When Henry and Dr. Pretorius exit the carriage, Henry is carrying a walking stick. A moment later, as they climb the outside stairs, the walking stick is gone.

In the prologue explaining what happened in the first Frankenstein, a man is shown in close-up being strangled by the monster; however, the monster's sleeves are torn and his arms already burned by the windmill fire. Clearly this close-up was newly filmed and inserted as if from the 1931 movie.

When Henry visits Dr. Pretorius, Pretorius shows Henry his menagerie of homunculi. Pretorius says, "I have to keep my eye on the King." He then covers both King and Queen's glass jars with a dark cloth sheath. But after panning to the Arch Bishop's glass jar, the King and Queen are inexplicably uncovered again, whereupon the King climbs out of his jar and onto the table.
The Monster, Boris Karloff sweated off 20 pounds laboring in the hot costume and makeup.

When filming the scene where the monster emerges from the burnt windmill, Boris Karloff slipped and fell into the water-filled well. Upon being helped out, it was discovered that he had dislocated a hip in the fall. The hip was strapped into place and Karloff soldiered on. He continued to receive massage and heat treatments for the hip for the rest of the shooting of the film.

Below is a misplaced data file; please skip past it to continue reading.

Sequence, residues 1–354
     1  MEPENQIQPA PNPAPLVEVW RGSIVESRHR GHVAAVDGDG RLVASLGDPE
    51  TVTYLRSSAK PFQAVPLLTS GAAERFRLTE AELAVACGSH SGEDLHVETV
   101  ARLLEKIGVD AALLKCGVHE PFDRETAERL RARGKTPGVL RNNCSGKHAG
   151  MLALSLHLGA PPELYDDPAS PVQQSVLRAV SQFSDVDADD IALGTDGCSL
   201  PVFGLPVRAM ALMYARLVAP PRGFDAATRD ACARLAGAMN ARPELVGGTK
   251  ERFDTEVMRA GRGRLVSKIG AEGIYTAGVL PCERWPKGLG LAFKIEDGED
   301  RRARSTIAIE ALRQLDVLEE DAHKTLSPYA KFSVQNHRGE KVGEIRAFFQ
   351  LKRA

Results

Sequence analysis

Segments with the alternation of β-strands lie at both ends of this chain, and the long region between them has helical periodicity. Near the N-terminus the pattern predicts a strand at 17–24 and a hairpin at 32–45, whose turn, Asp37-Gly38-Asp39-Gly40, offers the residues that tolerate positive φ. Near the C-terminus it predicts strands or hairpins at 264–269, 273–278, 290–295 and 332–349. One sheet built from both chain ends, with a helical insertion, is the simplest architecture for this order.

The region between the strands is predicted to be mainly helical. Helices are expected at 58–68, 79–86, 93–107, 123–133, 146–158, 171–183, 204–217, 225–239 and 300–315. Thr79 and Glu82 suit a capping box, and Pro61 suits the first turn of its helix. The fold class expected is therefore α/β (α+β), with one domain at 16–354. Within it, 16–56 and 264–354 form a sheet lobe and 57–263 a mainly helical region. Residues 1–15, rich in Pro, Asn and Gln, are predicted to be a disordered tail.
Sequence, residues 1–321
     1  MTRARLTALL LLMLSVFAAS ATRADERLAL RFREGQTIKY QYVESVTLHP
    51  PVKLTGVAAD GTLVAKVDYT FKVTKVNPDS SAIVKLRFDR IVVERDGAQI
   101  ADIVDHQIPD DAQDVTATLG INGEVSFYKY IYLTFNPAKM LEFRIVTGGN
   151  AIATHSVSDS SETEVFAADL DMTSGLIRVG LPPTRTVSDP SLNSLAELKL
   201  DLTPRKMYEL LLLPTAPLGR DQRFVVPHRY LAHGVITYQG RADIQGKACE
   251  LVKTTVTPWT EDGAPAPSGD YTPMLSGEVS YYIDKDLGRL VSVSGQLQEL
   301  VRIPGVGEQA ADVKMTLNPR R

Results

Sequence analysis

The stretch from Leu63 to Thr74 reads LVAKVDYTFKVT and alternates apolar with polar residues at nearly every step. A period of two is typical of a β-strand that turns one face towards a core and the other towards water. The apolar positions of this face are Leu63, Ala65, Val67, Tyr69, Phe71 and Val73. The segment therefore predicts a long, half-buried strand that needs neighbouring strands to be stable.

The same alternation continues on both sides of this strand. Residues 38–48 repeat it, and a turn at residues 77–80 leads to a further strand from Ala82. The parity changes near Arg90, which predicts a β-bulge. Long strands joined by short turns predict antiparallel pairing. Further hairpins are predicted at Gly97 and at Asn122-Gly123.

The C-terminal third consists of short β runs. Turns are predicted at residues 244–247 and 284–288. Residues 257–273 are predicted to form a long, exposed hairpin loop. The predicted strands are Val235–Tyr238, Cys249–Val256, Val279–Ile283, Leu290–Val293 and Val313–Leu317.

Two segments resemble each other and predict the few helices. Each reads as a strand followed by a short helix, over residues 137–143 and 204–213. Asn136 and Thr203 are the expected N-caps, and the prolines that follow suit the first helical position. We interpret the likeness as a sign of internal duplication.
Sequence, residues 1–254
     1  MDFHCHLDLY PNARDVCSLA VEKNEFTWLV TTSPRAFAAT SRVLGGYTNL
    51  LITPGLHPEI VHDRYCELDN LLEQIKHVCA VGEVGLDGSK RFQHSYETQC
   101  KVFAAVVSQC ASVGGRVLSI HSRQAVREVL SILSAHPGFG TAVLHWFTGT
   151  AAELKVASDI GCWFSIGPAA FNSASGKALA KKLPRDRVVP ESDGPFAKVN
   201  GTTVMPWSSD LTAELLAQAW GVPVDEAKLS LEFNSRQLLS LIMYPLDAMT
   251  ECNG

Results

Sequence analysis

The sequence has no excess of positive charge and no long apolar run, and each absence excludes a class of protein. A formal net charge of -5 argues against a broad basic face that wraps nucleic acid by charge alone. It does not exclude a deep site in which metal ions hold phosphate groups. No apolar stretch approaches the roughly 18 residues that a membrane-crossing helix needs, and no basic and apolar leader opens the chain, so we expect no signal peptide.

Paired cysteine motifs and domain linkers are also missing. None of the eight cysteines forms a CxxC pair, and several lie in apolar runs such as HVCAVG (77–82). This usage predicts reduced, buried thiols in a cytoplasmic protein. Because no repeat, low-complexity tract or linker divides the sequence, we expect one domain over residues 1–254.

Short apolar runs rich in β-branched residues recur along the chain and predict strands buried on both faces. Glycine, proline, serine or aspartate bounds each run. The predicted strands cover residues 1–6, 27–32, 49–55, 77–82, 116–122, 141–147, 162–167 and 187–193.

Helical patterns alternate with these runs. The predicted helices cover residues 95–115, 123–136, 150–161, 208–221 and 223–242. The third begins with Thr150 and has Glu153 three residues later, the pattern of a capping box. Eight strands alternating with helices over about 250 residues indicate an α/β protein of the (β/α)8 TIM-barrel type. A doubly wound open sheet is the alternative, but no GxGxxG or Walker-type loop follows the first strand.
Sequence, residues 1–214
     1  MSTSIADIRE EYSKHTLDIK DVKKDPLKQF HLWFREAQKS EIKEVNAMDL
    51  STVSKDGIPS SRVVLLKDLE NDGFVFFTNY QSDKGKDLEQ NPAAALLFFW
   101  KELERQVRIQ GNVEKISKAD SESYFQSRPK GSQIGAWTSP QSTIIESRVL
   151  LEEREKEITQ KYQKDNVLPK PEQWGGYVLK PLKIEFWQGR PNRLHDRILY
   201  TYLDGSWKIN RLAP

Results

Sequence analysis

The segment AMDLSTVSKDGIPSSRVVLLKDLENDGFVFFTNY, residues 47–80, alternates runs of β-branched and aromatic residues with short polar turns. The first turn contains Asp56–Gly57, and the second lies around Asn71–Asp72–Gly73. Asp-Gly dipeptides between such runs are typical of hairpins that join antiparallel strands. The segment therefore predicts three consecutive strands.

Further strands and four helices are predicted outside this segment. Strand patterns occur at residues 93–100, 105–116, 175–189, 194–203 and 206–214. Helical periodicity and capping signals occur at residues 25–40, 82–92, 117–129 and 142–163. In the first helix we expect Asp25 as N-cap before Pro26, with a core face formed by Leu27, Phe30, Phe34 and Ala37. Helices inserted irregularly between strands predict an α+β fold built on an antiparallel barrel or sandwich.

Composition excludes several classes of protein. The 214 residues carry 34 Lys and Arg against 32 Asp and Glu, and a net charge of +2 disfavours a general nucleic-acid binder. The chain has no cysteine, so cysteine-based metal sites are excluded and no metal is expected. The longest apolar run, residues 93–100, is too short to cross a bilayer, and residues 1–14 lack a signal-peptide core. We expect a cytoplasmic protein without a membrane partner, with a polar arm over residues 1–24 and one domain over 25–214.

Elsa Lanchester said that her spitting, hissing performance was inspired by the swans in Regent's Park, London. "They're really very nasty creatures," she said.

Boris Karloff protested against the decision to make The Monster speak, but was overruled. Since he was required to speak in this film, Karloff was not able to remove his partial bridgework as he had done to help give the Monster his sunken cheek appearance in the first Frankenstein (1931). That's why The Monster appears fuller of face in the sequel.

Though virtually all of Billy Barty's scenes (as the little baby in the bottle) were deleted, he can still be briefly glimpsed in a wide shot of all the bottles on Dr. Pretorius's table (as well as in still photographs).